About Jim Beam Signature Craft Soft Red Wheat 11 Year Old Bourbon
Jim Beam Quarter Cask Bourbon is the newest release in the Jim Beam Signature Series. It is made from a blend of five and six year old Kentucky bourbons that are aged in traditional fashion, together with four, five and six year old Kentucky bourbons that have matured in quarter casks. As a result, the bourbon has an aroma of bananas, caramelized fruit, orange peel and vanilla cookies. Notes of vanilla, milk chocolate, coffee, espresso and whipped cream dominate the palate, and lead to a rich and fruity finish.
Jim Beam 12 Year Old Signature Craft Bourbon Whiskey was released in 2013 and is one of the oldest bourbons Jim Beam has ever released. The bourbon has soft, sweet notes of marzipan, creamy vanilla, honey and cinnamon that are complemented by a subtle oaky undertone. In addition, the finish intensifies the notes of vanilla, caramel and oak, and is complemented by a touch of smoke. "We were able to manage the flavors just right," says Noe.
Jim Beam Signature Craft Bourbon Whiskey Rare Spanish Brandy Finish is a limited edition bourbon that pays homage to a bourbon that was released in Australia. Rather than finishing the bourbon in casks that were previously used to mature brandy, Jim Beam Signature Craft Rare Spanish Brandy is made by adding a small aliquot of rare Spanish brandy to the bourbon. As a result, the bourbon has sweet notes of dates, raisins and figs that give way to graceful notes of caramel, vanilla and cinnamon. The finish is gentle and satisfying, with a crisp, sweet finish.
The Jim Beam Signature Craft Bourbon Whiskey Series represents an entirely unique approach to producing bourbon from a family that has been making it since the dawn of the American Revolution. "If you get stagnant, people are going to stop looking at you," says Noe. "Bourbon is hot all over the world. People read about this stuff, and they want it." Try three bourbons you want today!
About Jim Beam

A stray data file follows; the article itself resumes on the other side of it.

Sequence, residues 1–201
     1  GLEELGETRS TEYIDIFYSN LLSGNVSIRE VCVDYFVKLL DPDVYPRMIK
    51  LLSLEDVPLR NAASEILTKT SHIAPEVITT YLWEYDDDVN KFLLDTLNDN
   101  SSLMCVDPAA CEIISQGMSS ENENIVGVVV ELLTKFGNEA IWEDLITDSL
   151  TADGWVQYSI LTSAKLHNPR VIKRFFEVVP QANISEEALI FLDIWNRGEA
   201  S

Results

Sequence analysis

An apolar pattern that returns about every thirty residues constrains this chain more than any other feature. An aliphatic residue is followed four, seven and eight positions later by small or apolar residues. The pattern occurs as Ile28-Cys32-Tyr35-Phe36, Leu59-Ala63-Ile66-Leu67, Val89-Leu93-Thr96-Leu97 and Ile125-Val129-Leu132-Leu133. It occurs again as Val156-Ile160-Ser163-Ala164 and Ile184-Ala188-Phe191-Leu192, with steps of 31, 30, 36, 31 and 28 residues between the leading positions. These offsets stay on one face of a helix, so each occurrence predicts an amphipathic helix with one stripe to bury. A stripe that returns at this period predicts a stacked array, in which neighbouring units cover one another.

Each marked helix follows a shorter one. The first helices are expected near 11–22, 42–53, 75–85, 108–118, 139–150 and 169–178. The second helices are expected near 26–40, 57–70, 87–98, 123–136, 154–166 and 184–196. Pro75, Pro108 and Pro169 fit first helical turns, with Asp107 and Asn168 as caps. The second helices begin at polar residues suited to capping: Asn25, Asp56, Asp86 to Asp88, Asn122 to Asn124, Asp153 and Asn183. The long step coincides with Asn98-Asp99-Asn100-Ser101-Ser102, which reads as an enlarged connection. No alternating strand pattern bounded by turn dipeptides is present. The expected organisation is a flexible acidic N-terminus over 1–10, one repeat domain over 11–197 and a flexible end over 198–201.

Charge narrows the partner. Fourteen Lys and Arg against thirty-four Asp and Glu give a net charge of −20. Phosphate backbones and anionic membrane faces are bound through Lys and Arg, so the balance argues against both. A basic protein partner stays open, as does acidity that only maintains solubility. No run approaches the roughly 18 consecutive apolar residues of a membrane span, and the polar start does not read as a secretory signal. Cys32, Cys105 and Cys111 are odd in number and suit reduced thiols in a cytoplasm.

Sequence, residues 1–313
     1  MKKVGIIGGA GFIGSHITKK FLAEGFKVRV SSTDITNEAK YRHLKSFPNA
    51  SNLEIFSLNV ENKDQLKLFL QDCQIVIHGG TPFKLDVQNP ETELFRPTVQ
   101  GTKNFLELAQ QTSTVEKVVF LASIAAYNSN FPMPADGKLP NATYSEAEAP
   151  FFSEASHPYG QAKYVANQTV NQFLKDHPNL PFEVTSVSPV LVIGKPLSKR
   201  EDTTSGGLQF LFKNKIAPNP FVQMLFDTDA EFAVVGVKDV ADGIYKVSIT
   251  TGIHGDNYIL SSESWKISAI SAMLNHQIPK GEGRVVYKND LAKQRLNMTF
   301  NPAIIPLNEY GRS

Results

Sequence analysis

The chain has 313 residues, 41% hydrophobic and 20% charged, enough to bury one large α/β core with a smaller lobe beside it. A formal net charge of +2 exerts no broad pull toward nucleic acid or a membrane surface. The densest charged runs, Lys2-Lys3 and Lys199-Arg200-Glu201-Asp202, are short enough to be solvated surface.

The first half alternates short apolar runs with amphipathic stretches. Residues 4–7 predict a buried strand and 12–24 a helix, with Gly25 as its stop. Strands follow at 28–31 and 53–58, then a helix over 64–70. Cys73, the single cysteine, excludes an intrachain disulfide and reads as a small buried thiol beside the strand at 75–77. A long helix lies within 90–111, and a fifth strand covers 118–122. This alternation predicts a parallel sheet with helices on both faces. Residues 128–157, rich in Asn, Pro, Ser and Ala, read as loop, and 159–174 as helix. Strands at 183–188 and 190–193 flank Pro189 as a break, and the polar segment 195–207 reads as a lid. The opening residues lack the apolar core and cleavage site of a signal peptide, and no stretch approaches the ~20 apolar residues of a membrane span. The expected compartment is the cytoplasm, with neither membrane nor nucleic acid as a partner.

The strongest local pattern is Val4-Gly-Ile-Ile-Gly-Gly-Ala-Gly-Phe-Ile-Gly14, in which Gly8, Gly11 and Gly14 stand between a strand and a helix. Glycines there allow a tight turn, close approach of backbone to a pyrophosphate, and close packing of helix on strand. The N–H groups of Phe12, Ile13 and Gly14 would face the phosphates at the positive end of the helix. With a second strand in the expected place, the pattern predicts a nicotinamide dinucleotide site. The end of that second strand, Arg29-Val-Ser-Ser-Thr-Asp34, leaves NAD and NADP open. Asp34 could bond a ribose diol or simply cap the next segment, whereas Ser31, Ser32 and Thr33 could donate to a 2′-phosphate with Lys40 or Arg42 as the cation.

Following the end of the American Revolutionary War, Johannes Reginald Beam emigrated from Germany to the United States, and eventually settled in Kentucky County. At the time, Kentucky County was still considered part of Virginia, and was overseen by a military governor named John J. Bowman. In order to encourage westward expansion, Virginia issued pioneers who agreed to settle in Kentucky County "corn writs," which granted the pioneers 60 acres of land if they agreed to settle in Kentucky and start farming corn.
After settling in Kentucky, Beam began harvesting corn and set forth a family tradition by distilling the excess grains he harvested into whiskey. Since then, seven generations of the Beam family have been involved in whiskey production for the eponymous company (the company is actually named after James Beam, who rescued it following Prohibition). Today, Fred Noe — a seventh generation master distiller and the great grandson of Colonel James B. Beam — shepherds his family legacy forward.
There are not many things more American than bourbon, and although most of it is produced in Kentucky, it can be produced all over the USA.
It must be made with at least 51% corn and bottled at 40% ABV or higher. So why not give this American classic a try?
Check out our impressive selection of bourbons, find your new favorite in Top 10 bourbons, or explore our treasury of rare & hard to find bourbons.